The adult prison population is estimated to have increased recently, at a rate similar to the rate at which the total world population has increased. As prison adult population increases, it can be inferred that the number of children with incarcerated parents is also on the rise. However, with lack of data and policy on these children, particularly in the Low Middle-Income Countries (LMICs), little or virtually nothing is known about these children and how they are faring after the separation of their parents from them. This study aimed at bridging this knowledge gap by examining the effects of parental incarceration on their children. To address this, the study relied on three sociological theories (strain, cumulative risk, and stigma) and one sociological concept (social support) to explore how the incarceration of parents affects the lives of their children. Using a sequential exploratory mixed method approach, the study answers the following questions: What are the difficulties children of incarcerated parents encounter during the incarceration of their parents? What social support systems are available for these children? Does the incarceration of parents affect the attitude of peers towards the children? Based on the last question, it was hypothesised that, children whose parents have been incarcerated for committing an offense will be less stigmatised compared to children with parents in different stigmatised status. To address the questions regarding the difficulties children of incarcerated parents may encounter and the availability of social support, in-depth interviews were conducted with 17 children (aged 8 to 17 years) of incarcerated parents (in four prisons in the Ashanti region of Ghana) and 10 caregivers of the children. Further, a vignette experimental study was conducted to answer the question on the attitudes of others (stigma) towards children of incarcerated parents. Children from four institutional schools in Ghana were presented with 16 scenarios with 4 manipulation variables (gender of child, incarceration status of parents, other source of stigma, and gravity of offense). The qualitative data were analysed thematically while the quantitative data were analysed using ANOVA test. Consistent with the strain and cumulative risk theories, the results of the study indicated that, incarceration of parents led to similar objective reaction of all children disliking their parents’ incarceration. However, the subjective reaction of children differed depending on their living conditions prior to their parents’ incarceration and resources available to them. Due to how most of the incarcerated parents, whether resident or non-resident, contributed significantly to the lives of their children before incarceration, their incarceration led to varying challenges in the lives of their children (ranging from children’s behavioural problems to financial difficulty, changes in residence and caregivers, relocation of siblings, school problems, and stigmatisation). Some children however were able to navigate and positively adapt to the challenges due to social support from family members, friends, and religious organisations. However, access to and utilisation of informal support by children differed, depending on their living conditions before parents’ incarceration. In line with the stigma theory, the survey experimental data provided strong evidence that the incarceration of parents led to stigmatisation of their children. Inconsistent with a hypothesis of the study, the marks or attributes children carry as children of incarcerated parents affected the attitude of others towards them.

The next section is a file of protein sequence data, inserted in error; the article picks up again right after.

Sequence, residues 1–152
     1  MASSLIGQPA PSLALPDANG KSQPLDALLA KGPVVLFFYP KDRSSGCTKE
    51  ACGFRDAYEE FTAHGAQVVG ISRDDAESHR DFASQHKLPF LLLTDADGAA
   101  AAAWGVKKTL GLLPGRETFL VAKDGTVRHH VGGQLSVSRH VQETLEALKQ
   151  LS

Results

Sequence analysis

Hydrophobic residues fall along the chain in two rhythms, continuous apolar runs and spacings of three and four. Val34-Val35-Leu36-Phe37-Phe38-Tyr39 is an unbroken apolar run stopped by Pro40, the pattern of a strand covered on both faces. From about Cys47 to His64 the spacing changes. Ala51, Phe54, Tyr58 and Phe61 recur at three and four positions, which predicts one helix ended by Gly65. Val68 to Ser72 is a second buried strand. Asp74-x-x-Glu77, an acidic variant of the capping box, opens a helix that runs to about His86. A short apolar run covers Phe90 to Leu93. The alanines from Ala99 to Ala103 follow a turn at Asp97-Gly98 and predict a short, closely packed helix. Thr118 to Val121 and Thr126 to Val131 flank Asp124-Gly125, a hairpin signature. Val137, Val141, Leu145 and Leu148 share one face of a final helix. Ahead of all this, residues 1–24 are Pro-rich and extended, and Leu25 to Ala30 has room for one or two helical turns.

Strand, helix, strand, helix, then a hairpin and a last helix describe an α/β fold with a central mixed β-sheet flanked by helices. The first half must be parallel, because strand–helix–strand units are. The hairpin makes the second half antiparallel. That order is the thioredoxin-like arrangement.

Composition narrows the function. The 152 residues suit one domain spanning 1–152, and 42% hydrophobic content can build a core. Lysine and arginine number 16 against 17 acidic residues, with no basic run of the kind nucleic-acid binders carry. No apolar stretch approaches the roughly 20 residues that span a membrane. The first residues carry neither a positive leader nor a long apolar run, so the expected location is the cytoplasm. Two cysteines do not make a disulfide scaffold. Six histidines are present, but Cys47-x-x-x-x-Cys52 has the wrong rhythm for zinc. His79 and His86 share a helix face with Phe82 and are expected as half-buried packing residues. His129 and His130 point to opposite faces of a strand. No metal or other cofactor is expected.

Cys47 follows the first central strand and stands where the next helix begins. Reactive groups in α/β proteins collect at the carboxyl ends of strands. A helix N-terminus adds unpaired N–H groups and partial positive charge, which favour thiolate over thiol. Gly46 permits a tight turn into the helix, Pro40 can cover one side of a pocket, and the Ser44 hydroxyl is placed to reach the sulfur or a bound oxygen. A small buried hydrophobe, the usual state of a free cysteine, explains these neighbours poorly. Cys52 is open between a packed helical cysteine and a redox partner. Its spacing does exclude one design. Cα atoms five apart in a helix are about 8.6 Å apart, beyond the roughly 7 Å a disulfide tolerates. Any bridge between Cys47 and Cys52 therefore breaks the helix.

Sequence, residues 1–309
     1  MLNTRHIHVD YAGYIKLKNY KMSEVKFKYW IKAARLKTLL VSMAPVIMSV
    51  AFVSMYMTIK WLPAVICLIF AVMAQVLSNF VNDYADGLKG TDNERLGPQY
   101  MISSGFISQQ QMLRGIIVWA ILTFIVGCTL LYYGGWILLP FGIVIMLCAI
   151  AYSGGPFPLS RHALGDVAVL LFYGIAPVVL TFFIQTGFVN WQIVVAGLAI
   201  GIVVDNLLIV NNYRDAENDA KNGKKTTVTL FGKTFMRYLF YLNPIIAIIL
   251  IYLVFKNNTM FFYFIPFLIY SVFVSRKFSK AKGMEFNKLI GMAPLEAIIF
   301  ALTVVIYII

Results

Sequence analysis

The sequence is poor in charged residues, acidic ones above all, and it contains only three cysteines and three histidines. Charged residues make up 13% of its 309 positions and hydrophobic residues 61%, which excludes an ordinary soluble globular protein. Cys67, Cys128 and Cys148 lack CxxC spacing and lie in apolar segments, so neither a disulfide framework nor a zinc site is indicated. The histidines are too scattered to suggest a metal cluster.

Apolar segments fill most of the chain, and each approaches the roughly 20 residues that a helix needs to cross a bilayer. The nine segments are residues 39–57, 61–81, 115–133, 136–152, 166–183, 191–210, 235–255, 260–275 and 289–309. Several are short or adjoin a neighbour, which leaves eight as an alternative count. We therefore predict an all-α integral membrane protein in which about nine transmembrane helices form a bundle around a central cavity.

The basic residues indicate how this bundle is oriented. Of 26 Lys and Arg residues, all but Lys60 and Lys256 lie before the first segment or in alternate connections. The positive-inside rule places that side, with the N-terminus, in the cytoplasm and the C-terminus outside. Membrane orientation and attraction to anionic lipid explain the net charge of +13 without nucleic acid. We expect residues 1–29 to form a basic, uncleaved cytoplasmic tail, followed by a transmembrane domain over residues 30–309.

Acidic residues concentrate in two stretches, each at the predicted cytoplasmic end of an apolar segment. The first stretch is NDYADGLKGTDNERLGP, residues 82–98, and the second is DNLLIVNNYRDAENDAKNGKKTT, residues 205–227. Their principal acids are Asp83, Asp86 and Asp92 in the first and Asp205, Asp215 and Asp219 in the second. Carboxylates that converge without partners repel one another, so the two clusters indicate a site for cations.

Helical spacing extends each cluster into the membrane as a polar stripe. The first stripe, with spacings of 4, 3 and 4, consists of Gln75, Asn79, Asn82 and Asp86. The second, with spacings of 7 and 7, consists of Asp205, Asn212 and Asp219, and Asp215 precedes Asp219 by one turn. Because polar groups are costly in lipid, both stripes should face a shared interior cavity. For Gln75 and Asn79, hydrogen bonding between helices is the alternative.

|Date of Award
|25 Aug 2020
|Hau Nung Annie CHAN (Supervisor) & Roman DAVID (Supervisor)